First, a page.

JP Morgan has just published a new flattering report on staking on Ethereum 2.0. The switch to proof of participation on the network would be the lever for developing remuneration from cryptocurrency staking, and would thus make the latter an interesting source of income for institutional and individual investors.
A version 2 of Ethereum to double the revenue from staking
The authors of JPMorgan’s new report currently estimate annual revenue from cryptocurrency staking on blockchains using proof of participation at $9 billion.
That amount is expected to more than double, they say, to $20 billion, once Ethereum 2.0 switches from proof of work to proof of participation in 2022. JPMorgan’s analysts even go so far as to predict annual revenues of 40 billion by 2025 for the entire blockchain industry.
The bank’s 2 senior analysts emphasized the advantage of staking cryptocurrencies over investing in cash or cash equivalents, as well as fixed-income instruments like U.S. Treasury bonds:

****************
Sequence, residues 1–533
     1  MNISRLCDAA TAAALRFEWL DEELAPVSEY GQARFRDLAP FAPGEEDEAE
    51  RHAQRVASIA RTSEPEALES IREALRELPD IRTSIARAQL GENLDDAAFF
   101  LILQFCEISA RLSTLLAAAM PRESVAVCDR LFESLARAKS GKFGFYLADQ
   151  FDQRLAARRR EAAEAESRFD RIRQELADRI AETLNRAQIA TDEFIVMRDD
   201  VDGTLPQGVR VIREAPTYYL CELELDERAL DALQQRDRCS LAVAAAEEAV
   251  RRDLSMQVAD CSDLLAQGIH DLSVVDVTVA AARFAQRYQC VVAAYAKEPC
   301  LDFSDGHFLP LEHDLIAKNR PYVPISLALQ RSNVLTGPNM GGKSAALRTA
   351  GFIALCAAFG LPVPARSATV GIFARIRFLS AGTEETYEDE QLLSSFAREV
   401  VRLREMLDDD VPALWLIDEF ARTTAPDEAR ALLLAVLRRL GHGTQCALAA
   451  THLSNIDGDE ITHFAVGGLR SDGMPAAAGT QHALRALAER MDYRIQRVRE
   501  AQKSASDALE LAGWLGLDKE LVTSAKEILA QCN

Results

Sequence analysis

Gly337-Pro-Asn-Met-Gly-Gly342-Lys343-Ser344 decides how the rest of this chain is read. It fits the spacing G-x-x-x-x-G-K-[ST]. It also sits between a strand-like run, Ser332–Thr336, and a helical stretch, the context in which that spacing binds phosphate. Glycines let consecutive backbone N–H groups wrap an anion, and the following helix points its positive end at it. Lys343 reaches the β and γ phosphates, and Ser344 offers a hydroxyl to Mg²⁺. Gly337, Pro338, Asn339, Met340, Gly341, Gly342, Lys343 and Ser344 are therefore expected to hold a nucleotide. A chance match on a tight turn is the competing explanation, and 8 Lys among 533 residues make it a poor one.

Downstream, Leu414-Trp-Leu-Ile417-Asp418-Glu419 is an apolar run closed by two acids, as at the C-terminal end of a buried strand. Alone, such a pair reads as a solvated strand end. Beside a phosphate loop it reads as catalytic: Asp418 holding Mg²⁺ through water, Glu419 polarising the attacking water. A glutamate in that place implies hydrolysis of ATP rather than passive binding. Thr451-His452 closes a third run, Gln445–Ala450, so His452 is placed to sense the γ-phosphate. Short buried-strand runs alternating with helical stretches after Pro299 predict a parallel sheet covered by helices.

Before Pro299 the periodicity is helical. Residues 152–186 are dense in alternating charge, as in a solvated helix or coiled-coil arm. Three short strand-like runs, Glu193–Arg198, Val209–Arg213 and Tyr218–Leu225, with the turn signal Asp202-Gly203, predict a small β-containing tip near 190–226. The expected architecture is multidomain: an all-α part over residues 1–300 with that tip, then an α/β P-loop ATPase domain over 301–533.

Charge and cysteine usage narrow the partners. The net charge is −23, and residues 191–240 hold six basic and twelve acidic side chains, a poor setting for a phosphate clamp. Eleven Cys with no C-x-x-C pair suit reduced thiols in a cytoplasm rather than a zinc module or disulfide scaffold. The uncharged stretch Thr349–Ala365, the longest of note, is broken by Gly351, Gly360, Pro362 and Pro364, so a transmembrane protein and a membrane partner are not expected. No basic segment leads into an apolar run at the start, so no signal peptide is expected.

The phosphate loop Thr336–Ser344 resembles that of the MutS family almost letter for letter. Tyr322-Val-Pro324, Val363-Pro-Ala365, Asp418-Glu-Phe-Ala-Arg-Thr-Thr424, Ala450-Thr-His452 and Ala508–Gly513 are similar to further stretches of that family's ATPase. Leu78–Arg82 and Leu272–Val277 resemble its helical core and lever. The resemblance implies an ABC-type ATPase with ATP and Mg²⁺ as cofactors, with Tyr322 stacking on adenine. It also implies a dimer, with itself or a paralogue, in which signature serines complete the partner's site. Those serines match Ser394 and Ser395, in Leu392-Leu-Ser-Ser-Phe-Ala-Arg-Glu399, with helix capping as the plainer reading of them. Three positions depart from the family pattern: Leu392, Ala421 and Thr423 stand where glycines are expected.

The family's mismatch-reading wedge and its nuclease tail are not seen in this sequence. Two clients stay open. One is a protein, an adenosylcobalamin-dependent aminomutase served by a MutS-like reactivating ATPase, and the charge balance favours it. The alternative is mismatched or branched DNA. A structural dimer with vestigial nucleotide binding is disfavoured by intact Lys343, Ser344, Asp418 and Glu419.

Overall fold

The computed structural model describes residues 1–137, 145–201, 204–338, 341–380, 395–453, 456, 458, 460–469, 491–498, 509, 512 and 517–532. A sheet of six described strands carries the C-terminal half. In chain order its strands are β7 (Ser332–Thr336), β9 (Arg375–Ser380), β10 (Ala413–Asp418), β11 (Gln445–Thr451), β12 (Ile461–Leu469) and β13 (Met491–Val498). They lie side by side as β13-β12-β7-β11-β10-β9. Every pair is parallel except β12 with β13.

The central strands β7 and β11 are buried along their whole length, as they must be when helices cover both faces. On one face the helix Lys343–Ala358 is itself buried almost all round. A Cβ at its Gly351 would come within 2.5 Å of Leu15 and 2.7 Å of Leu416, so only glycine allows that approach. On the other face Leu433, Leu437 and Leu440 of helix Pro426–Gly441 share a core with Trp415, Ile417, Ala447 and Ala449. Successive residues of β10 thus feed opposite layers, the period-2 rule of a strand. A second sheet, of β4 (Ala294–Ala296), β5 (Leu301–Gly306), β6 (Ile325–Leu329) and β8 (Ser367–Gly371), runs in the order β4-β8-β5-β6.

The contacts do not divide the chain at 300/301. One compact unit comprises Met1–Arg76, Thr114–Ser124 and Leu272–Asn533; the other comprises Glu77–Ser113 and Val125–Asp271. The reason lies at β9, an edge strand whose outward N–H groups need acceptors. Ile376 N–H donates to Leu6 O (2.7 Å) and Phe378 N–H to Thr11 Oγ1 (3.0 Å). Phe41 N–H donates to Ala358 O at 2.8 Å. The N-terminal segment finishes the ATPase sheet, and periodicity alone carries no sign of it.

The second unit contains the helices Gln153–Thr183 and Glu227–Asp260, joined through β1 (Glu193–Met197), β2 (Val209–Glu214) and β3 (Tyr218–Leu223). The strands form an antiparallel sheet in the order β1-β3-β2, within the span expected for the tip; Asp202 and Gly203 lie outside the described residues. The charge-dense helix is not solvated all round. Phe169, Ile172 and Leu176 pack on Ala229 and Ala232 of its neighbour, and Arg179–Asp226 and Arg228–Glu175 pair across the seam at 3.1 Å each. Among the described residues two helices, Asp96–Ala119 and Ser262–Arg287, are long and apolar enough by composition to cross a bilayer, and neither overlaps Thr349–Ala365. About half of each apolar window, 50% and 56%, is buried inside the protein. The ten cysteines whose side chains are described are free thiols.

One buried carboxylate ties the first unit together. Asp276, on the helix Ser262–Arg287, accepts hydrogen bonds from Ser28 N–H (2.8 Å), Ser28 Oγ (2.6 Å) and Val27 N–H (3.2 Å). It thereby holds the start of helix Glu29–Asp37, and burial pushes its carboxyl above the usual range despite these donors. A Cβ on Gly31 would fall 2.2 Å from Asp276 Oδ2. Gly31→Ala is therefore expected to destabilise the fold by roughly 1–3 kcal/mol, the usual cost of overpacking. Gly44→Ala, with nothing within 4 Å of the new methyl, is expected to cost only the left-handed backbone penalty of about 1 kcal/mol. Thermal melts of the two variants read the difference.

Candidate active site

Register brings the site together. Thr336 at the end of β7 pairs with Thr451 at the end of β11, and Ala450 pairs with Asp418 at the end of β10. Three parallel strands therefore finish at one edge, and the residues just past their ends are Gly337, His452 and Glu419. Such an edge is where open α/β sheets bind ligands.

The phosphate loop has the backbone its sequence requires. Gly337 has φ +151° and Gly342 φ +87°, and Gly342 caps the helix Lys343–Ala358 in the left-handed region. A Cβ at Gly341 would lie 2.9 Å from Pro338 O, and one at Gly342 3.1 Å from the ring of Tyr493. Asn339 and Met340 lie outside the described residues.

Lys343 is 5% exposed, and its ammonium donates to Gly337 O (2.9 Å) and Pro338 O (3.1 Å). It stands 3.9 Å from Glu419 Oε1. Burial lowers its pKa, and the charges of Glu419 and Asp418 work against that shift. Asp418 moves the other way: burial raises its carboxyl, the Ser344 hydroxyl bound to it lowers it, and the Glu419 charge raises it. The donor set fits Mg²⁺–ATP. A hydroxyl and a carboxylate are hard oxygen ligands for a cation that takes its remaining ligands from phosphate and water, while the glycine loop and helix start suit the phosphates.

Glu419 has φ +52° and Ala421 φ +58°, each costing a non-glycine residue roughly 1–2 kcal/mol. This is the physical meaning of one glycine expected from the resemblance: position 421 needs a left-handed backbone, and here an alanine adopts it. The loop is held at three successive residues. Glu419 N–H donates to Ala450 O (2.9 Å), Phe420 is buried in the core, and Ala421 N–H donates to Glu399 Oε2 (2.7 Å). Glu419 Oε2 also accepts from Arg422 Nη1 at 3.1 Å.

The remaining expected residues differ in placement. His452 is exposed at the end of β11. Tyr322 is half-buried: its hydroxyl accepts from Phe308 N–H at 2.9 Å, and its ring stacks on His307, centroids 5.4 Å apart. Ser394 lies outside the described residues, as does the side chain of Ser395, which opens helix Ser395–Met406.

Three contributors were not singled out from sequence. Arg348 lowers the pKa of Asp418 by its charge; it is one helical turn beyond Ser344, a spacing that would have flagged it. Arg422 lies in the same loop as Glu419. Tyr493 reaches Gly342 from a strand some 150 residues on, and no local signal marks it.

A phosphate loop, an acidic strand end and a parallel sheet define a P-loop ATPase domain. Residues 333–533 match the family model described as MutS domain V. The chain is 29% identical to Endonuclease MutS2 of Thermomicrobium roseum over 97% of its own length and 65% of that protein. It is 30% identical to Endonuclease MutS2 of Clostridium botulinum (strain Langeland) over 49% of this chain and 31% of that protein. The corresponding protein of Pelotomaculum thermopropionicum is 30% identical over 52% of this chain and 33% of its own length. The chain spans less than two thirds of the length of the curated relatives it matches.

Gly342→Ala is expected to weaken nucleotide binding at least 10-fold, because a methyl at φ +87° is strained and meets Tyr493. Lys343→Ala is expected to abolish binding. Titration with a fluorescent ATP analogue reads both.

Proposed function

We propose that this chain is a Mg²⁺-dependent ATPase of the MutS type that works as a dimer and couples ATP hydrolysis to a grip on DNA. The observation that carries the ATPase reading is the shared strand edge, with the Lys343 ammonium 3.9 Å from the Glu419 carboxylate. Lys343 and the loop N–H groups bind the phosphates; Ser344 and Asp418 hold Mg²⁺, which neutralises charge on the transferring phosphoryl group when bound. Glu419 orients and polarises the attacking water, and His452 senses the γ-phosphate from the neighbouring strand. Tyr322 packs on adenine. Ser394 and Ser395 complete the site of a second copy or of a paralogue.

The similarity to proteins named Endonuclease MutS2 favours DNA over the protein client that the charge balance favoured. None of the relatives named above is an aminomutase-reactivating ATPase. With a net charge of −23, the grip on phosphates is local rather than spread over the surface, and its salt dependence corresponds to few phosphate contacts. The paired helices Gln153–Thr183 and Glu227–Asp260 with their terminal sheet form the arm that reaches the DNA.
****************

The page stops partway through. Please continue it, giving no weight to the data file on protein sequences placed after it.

“The return earned through staking can mitigate the opportunity cost of owning cryptocurrencies relative to other investments in other asset classes such as U.S. dollars, U.S. Treasuries, or money market funds in which the investments generate some positive nominal return.”
They further present cryptocurrencies as an attractive investment, stating that “in many cases, cryptocurrencies yield significant nominal and real returns.”
Crypto-currencies: a way out of the zero rate
The 2 analysts also mentioned the current environment with zero or near-zero interest rates for traditional investments, far from the returns offered by cryptocurrency exposure:
“In fact, in the current zero rate environment, we see these returns as an incentive to invest.”
While JPMorgan already seems to be under the spell of staking on Ethereum 2.0, it will still take time to fully roll out. The London update is just around the corner on the mainnet. It will see the implementation of 4 EIPs including the destruction of part of the transaction fees, supposed to make Ether deflationary.
JPMorgan may see a bright future for staking on Ethereum 2.0, but not for Bitcoin (BTC) in the short term. Indeed, the bank estimates that Bitcoin could fall into the $23,000 – $25,000 range.